Logical Fallacies In Advertising

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Advertisements are everywhere, on television, radio, social media, billboards, magazines, and even on yearbooks. On the other hand, would it not be nice if every advertisement an individual saw, read, or heard were actually true? Like using Axe body spray really did attract women or eating Snickers truly made one satisfied in seconds? Yet, most of the time the advertisements that seem too good to be true, actually are. In fact, countless of ads are only slightly true and instead filled with many common errors in reasoning, known as logical fallacies, a sneaky marketing technique companies utilize to trick a consumer into giving them their undivided attention and money. In fact, one notorious company for using logical fallacies in their advertisements is Proactiv. Thus, the Proactiv commercial featuring Lindsay Lohan that aired on TV a couple of years ago is a precise example of the appeal to authority, bandwagon, and plain folk logical fallacies being used to get their product sold.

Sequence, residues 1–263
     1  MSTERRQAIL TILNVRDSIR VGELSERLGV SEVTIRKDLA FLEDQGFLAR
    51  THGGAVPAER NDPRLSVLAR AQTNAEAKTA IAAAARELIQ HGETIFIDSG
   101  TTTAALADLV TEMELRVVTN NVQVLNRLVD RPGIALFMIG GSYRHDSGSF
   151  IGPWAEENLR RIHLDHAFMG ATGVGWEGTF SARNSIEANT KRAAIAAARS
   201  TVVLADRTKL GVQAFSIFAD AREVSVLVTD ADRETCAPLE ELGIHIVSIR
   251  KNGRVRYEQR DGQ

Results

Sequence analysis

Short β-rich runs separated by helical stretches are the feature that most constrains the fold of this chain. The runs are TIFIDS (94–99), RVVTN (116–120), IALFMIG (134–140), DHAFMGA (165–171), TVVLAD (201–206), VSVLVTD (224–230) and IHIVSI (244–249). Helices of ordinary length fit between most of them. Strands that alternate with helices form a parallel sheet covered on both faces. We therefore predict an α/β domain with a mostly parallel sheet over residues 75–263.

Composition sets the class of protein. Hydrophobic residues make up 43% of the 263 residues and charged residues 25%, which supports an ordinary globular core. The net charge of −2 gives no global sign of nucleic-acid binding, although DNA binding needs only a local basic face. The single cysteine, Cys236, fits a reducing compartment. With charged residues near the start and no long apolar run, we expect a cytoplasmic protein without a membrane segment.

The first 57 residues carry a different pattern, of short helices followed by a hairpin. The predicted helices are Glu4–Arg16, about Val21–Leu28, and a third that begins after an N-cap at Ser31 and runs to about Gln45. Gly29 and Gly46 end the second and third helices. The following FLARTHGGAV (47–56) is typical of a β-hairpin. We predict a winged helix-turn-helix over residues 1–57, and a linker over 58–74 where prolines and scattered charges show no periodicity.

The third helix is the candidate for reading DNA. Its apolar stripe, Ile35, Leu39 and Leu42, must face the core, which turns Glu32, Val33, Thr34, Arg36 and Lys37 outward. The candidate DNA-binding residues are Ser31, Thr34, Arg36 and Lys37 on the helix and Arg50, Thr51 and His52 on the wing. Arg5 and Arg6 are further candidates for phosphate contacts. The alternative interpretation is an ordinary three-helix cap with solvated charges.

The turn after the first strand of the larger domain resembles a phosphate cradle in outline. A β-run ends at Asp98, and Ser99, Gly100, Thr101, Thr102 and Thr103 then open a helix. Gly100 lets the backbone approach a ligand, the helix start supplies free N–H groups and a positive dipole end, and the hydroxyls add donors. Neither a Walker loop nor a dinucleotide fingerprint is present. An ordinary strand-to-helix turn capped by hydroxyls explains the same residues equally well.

In the commercial, Proactiv uses an appeal to authority to earn an individual’s trust. To clarify, this logical fallacy is used when a company or brand hires a popular celebrity or a person with “authority” to advertise and express how beneficial a product is. With this intention, Proactiv hired Lindsay Lohan, a popular actress and singer, to speak on their behalf and promote Proactiv. She advocates how the three-step acne system has indeed helped clear her skin, testifying, “I don’t like

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